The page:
A comprehensive investigation by the Indianapolis Star has discovered that over a 20-year period more than 360 gymnasts have alleged they were sexually abused in some manner by a coach, a gym owner, or some other adult involved in their gymnastics career. According to one expert, that is likely a "pretty severe undercount." The victims include "casual" amateurs and Olympians alike. The numbers are staggering, but perhaps worse is that the sport's governing body, USA Gymnastics, seems unwilling—it claims it is unable—to do anything much about it.
The situation described by the Star has echoes of the Catholic Church's notorious sexual abuse scandal, in which priests got away with molesting children for years or even decades. Many of the coaches and others accused of abuse were quietly fired and allowed to find work elsewhere across the country, without anyone knowing. Some of this is because USAG allegedly worked behind the scenes to keep everything quiet, but some of it is because the organization can't (or won't) keep track of alleged offenders. USAG has more than 125,000 athletes and 25,000 professional members—which includes coaches—and has no way of monitoring where the coaches go or even finding out why one was fired.
Here are some more of the Star's findings:
• Gym owners have a conflict of interest when it comes to reporting abuse. Some fear harm to their business. When confronted with evidence of abuse, many quietly have fired the suspected abusers and failed to warn future employers. Some of those dangerous coaches continued to work with children.
• Some coaches are fired at gym after gym without being tracked or flagged by USA Gymnastics, or losing their membership with the organization. USA Gymnastics often has no idea when a coach is fired by a gym and no systematic way to keep track. Ray Adams was fired or forced to resign from six gyms in four states. Yet some gym owners hired Adams, believing his record was clean.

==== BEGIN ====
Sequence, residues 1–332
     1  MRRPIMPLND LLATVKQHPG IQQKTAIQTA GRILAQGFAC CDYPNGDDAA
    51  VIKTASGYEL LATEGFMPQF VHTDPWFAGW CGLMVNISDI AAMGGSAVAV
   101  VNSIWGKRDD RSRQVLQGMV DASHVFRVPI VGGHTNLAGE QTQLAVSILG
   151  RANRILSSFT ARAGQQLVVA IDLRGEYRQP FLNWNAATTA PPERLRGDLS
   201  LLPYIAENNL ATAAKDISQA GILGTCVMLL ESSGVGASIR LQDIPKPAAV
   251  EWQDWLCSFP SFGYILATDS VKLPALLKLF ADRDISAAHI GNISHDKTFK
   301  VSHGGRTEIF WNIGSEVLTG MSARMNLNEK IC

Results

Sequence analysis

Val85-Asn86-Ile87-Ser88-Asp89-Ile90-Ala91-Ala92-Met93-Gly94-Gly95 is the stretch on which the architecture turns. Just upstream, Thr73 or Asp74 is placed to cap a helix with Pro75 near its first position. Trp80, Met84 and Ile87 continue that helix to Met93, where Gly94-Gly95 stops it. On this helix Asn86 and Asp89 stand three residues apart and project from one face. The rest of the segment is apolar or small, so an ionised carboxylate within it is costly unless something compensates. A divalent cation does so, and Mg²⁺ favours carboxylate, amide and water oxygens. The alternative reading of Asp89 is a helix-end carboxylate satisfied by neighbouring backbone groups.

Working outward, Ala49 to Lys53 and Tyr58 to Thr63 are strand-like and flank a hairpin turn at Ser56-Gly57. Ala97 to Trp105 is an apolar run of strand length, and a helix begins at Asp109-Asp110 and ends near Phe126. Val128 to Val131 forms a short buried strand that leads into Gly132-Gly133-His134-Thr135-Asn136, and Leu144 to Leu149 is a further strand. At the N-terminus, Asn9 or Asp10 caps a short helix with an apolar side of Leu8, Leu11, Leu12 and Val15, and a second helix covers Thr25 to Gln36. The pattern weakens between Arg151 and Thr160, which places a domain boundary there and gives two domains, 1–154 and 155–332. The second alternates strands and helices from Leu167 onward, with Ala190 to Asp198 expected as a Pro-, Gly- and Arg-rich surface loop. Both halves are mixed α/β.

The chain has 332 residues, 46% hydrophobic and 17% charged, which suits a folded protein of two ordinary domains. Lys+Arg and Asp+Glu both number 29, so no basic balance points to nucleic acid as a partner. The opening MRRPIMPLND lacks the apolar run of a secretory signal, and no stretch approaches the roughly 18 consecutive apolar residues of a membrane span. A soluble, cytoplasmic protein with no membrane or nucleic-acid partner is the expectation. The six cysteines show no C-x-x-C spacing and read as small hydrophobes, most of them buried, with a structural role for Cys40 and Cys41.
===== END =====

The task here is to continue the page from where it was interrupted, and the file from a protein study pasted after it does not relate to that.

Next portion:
USAG repeatedly claimed that it could not monitor the gyms, specifically because they were private businesses. The best it could do, allegedly, was to offer guidelines against inappropriate behavior, with little in the way of consequences for violating those guidelines.
Former athletes don't buy USAG pleading helpless, and say they were often ignored and sometimes made to feel like they were being interrogated for asking for something to be done about abusive coaches. Specifically, the CEO of USAG, Steve Penny, came under fire for his treatment of victims' claims.
In 2009, former gymnast Charmaine Carnes and seven other gymnasts filed a complaint that claimed abuse by their coach Doug Boger, and she said that the way Penny treated the case was "demeaning."
Carnes described the investigative process by officials at USA Gymnastics as "long, arduous, painful," and at times so adversarial that the women felt as if they were being accused. It "seemed like he thought they were exaggerating," she said of Penny.
The women said they believed they weren't being taken seriously. As the investigation was underway, USA Gymnastics named Boger a national Coach of the Year and sent him with the U.S. team to the 2009 World Championships in St. Petersburg, Russia.
Many gymnasts feel that USAG has sold them out to further its status and competitive footing in the quest for medals and international acclaim. Rather than make the sport safe for athletes, USAG was hellbent on getting championships. Which you can't do, Carnes said, "if you're busting all your best coaches."